The mean duration of follow-up was 4.74 years. The rate of stroke was lower with the salt substitute than with regular salt (29.14 events vs. 33.65 events per 1000 person-years; rate ratio, 0.86; 95% confidence interval [CI], 0.77 to 0.96; P=0.006), as were the rates of major cardiovascular events (49.09 events vs. 56.29 events per 1000 person-years; rate ratio, 0.87; 95% CI, 0.80 to 0.94; P<0.001) and death (39.28 events vs. 44.61 events per 1000 person-years; rate ratio, 0.88; 95% CI, 0.82 to 0.95; P<0.001).  

The difference in adverse events due to hyperkalemia was not statistically significant between groups. 

Generalizing the results of this study may be risky; I would presume that most Americans, for example, consume more processed foods and foods prepared outside of the home than the rural Chinese participants in this study. Since "[m]ost sodium consumed in the United States comes from salt added during commercial food processing and preparation, including foods prepared at restaurants," simply decreasing sodium intake in foods prepared at home may not have as great of an effect among persons eating the standard American diet. Then again, even a small benefit could have a sizable effect on population outcomes, and salt substitutes are inexpensive and simple to incorporate into home cooking. Given the minimal harms associated with the salt substitute product in this study, recommending a salt substitute for home use still seems like a reasonable recommendation for our patients at higher risk of CVD.

Taking the time to discuss these recommendations with patients is worthwhile; the United States Preventive Services Task Force (USPSTF) gives a "B" grade to "Behavioral Counseling Interventions to Promote a Healthy Diet and Physical Activity for CVD Prevention in Adults with Cardiovascular Risk Factors." As with all behavior change, tailoring strategies to each patient's circumstances increases the likelihood of success. In addition to recommending salt substitutes, we can teach our patients to read food labels for sodium content, recommend low salt recipes, and discourage frequent restaurant meals. For patients having difficulty making changes, this 2018 AFP article on "Diets for Health: Goals and Guidelines" includes this table with suggestions for overcoming common barriers to eating a healthier diet.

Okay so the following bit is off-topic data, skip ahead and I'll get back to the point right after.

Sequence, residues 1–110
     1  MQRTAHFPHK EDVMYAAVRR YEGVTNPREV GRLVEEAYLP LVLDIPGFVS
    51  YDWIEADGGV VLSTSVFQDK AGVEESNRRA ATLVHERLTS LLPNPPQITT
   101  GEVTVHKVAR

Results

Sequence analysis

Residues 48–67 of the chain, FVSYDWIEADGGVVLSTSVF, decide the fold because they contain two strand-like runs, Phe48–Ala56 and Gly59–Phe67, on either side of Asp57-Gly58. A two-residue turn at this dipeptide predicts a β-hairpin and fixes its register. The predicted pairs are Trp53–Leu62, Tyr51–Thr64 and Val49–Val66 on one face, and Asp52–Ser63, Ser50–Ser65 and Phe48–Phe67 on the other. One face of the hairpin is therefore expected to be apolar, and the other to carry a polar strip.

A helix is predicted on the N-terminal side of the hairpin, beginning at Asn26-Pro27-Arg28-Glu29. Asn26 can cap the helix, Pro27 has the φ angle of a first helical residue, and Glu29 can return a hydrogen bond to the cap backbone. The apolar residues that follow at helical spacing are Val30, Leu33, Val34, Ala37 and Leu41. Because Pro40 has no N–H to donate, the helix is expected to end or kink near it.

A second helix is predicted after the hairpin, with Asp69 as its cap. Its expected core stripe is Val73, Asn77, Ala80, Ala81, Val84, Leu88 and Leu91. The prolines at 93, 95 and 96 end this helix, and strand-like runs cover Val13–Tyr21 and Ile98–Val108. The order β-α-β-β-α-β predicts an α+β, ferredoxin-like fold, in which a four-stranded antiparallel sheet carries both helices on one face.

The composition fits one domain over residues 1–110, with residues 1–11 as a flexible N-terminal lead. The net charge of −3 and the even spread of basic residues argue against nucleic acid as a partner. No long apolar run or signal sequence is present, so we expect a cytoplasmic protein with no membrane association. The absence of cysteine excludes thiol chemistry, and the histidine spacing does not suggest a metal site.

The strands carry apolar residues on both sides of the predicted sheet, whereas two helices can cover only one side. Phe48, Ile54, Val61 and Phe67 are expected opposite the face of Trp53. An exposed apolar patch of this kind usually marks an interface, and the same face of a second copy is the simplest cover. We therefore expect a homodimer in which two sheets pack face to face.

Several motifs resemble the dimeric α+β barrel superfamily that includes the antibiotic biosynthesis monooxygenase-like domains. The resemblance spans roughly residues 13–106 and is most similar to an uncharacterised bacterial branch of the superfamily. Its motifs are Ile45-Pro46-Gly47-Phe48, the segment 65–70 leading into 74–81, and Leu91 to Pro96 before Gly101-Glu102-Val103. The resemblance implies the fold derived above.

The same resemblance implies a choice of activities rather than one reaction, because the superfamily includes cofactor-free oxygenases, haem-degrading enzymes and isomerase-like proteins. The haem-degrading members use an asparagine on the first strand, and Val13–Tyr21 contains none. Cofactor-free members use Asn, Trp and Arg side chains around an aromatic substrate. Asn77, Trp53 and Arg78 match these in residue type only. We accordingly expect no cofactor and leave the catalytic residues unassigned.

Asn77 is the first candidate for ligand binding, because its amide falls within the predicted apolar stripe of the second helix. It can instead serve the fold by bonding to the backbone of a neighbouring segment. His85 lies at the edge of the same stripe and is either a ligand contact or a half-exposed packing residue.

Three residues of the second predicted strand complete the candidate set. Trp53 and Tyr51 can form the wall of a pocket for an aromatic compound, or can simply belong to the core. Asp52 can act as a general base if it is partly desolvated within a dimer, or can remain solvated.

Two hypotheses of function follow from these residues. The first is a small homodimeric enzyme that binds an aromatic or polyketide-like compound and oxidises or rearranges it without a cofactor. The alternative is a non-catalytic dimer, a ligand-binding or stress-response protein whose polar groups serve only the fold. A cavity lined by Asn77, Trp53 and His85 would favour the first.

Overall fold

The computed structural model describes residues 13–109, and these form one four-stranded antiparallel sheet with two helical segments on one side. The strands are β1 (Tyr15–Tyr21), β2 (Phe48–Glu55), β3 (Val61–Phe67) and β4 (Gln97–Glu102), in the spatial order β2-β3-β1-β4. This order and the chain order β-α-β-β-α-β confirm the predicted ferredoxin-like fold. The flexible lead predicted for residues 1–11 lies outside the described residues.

Monday, September 6, 2021

Alliance of international health journals calls for emergency action to limit climate change

 - Kenny Lin, MD, MPH

Today, one week ahead of the 76th session of the United Nations General Assembly, more than 200 health journals worldwide have simultaneously published an editorial calling on health professionals, policy makers, and governments to support emergency actions to limit average global temperature increases to below 1.5 degrees Celsius. Asserting that increases above that level would "risk catastrophic harm to health that will be impossible to reverse," the editorial's authors advocate for "fundamental and equitable changes to societies" to alter the world's current catastrophic temperature trajectory:

Equity must be at the center of the global response. Contributing a fair share to the global effort means that reduction commitments must account for the cumulative, historical contribution each country has made to emissions, as well as its current emissions and capacity to respond. Wealthier countries will have to cut emissions more quickly, making reductions by 2030 beyond those currently proposed and reaching net-zero emissions before 2050.

Last month, a landmark report from the Intergovernmental Panel on Climate Change (IPCC) concluded that human activities since 1850, primarily burning of fossil fuels, have already warmed the planet by 1.1 degrees Celsius. At 1.5 degrees, the IPCC warned, extreme weather patterns would become more frequent, and rising sea levels, vector-borne diseases, life-threatening heat waves, and severe droughts would affect billions of people worldwide. Currently, the 10 countries with the greatest greenhouse gas emissions (China, the U.S., the European Union, India, Russia, Japan, Brazil, Indonesia, Iran, and Canada) account for more than two-thirds of global emissions.